The exhibition ‘Future and the Arts: AI, Robotics, Cities, Life – How Humanity Will Live Tomorrow’ at the Mori Art Museum in Tokyo, dedicated to visions of the future in the work of artists combining visual arts and new technologies, features the effect of collaboration between a veteran artist in this field, Krzysztof Wodiczko, and Rafael Lozano-Hemmer.
The project, carried out with the support of the Adam Mickiewicz Institute, will be yet another presentation of Krzysztof Wodiczko’s work in Japan. The artist, known for his social involvement, divides his time between New York, Boston and Warsaw, also working as a professor at Harvard University and the Warsaw Academy of Fine Arts. A designer by profession, he uses his engineering and design experience to expand the possibilities of art. Wodiczko works with projections, video and audio to create a platform to give voice to those who have been pushed to the edges of society because of traumatic events such as homelessness, sickness, war and exile. Since 1980, Krzysztof Wodiczko has created over 80 Public Projections of still and video images that critically animate historic monuments and public buildings around the world. One such work, created in 1999, on the 54th anniversary of atomic bombing of Hiroshima, was a projection on the A-Bomb Dome with recordings of the victims of the explosion.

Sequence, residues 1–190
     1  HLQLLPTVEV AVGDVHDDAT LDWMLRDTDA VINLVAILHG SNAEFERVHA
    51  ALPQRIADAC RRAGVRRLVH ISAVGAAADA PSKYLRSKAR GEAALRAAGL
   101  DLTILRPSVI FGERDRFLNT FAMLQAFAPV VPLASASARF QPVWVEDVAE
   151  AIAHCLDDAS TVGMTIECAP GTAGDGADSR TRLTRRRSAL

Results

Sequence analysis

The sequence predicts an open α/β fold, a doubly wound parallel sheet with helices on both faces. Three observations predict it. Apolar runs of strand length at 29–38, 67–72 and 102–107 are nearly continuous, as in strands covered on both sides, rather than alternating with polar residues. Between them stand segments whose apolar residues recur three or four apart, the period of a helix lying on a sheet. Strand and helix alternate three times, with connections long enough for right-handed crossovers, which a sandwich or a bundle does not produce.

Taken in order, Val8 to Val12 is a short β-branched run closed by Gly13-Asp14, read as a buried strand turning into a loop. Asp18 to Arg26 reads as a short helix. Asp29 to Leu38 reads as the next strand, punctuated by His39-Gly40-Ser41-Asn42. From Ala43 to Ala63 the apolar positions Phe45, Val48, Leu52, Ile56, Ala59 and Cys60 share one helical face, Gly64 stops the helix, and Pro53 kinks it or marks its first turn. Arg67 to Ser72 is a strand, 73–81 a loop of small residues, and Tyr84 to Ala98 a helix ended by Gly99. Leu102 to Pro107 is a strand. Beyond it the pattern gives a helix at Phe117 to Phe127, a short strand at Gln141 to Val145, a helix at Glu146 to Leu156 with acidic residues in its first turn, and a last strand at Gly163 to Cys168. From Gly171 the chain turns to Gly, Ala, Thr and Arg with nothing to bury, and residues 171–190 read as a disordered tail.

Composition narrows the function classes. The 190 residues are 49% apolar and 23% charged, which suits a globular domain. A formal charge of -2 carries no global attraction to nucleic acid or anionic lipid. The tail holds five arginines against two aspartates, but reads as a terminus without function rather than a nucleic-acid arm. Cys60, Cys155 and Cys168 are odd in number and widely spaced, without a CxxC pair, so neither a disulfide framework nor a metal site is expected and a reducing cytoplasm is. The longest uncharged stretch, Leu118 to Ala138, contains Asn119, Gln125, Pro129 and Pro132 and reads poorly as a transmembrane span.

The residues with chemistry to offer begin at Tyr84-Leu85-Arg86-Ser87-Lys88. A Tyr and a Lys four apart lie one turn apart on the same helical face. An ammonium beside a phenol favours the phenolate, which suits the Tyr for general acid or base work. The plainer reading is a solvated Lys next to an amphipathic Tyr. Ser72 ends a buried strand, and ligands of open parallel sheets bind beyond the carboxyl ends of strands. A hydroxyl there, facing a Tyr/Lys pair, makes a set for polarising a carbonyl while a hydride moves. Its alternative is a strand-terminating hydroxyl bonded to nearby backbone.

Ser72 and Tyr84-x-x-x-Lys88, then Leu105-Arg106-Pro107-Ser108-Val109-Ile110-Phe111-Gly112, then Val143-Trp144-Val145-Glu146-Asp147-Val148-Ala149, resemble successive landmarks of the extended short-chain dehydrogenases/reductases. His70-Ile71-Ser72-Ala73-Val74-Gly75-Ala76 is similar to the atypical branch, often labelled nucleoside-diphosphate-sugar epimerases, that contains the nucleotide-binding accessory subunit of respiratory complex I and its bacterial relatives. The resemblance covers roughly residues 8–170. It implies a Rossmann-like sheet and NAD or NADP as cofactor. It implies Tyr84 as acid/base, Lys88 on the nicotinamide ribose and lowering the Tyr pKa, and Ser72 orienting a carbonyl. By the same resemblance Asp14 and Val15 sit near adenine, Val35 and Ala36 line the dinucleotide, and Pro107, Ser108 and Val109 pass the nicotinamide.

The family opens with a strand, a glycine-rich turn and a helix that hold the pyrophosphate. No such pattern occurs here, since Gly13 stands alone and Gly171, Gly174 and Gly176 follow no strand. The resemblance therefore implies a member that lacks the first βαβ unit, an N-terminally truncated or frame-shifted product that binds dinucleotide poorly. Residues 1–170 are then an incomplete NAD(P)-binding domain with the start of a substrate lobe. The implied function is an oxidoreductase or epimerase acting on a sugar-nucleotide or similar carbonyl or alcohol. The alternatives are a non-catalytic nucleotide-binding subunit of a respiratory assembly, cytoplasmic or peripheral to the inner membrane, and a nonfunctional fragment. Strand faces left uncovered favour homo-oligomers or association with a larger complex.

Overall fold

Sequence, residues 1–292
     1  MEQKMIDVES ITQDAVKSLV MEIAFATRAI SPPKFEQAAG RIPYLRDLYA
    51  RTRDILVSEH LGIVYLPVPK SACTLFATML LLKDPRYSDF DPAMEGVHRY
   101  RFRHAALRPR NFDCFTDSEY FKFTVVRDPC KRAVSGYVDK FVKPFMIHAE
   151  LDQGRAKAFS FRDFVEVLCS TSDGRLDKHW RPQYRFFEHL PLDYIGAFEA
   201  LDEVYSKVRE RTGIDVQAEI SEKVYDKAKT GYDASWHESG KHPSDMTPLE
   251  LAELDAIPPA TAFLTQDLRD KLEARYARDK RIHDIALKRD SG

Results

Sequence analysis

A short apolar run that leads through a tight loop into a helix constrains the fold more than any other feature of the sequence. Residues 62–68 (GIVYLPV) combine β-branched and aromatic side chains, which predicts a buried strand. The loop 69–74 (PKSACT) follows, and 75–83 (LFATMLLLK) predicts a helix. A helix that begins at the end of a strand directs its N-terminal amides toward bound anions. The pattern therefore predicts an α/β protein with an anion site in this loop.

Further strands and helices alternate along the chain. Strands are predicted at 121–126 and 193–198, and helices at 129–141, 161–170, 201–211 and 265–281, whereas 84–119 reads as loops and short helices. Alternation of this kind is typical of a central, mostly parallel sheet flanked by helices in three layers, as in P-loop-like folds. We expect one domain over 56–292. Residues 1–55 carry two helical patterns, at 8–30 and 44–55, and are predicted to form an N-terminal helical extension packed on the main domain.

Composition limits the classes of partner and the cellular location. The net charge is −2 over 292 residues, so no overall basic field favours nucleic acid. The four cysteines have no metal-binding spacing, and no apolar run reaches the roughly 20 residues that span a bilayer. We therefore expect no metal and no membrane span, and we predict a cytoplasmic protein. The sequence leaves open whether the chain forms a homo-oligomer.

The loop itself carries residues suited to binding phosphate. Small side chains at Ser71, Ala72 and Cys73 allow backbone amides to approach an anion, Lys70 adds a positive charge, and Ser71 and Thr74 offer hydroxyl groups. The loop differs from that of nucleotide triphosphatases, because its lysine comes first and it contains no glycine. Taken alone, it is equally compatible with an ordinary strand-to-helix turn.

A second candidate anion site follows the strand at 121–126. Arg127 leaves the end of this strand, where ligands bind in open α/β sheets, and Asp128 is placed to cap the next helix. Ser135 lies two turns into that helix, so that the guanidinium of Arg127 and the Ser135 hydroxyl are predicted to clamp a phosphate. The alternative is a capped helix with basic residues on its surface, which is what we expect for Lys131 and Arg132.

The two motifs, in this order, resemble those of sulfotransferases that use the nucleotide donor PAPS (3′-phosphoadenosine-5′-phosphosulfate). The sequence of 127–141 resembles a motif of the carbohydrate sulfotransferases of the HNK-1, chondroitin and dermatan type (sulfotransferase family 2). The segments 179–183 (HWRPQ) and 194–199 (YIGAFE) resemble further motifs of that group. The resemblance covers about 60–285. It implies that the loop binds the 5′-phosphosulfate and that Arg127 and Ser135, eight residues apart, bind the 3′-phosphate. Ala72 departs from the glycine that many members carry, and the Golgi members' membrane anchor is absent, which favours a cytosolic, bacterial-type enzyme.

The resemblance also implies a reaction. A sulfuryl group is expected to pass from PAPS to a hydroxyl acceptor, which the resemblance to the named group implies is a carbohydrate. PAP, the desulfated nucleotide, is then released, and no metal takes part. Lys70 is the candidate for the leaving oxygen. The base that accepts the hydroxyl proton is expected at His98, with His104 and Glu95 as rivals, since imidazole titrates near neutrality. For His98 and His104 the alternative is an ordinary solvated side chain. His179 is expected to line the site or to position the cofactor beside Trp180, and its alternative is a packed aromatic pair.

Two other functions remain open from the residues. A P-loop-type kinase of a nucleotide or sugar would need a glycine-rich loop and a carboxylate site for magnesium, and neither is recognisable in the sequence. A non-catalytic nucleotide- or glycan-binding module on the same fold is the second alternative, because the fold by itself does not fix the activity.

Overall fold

The artist has received numerous awards, including the 4th Hiroshima Art Prize (1998) 'for his contribution as an artist to the world peace', Kepes Arts Prize (2004) and the Katarzyna Kobro Award (2006). He was also awarded the Gloria Artis Medal (2009) by the Polish Minister of Culture and National Heritage.
The presentation of Krzysztof Wodiczko’s work at the Mori Art Museum is part of the celebrations of the 100th anniversary of establishing diplomatic relations between Poland and Japan.
Source: press materials, Culture.pl, originally written in Polish by PP, AW, 19 Nov 2019, translated by AW, 25 Nov 2019